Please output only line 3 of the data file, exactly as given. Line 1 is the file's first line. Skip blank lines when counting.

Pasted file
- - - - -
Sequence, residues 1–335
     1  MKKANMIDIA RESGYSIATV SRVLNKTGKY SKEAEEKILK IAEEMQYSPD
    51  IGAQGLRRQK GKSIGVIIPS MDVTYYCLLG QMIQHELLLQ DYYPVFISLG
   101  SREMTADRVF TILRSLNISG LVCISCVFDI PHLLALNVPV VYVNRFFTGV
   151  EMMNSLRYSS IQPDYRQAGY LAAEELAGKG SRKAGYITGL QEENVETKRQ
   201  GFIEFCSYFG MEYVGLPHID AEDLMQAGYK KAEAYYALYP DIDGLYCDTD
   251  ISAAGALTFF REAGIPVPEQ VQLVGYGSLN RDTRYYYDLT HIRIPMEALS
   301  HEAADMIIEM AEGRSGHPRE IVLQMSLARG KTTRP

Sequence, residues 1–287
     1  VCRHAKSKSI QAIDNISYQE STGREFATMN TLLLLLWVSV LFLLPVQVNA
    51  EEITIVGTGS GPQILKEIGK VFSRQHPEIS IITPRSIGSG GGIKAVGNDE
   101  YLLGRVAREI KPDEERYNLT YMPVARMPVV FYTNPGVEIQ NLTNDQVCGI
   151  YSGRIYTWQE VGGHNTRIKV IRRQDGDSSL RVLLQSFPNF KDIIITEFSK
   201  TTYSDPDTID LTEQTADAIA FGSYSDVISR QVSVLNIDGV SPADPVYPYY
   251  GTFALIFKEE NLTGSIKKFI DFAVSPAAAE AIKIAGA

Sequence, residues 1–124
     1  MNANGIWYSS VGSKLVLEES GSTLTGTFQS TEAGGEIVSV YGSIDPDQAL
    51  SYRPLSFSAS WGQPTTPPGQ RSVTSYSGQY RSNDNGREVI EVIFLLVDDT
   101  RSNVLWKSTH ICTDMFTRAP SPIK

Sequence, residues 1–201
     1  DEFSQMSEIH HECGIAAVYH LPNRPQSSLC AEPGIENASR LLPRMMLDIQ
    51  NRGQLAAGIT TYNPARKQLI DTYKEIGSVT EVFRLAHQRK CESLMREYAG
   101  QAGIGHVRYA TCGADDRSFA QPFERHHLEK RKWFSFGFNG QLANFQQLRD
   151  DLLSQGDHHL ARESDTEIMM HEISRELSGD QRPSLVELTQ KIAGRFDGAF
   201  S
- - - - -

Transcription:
    51  IGAQGLRRQK GKSIGVIIPS MDVTYYCLLG QMIQHELLLQ DYYPVFISLG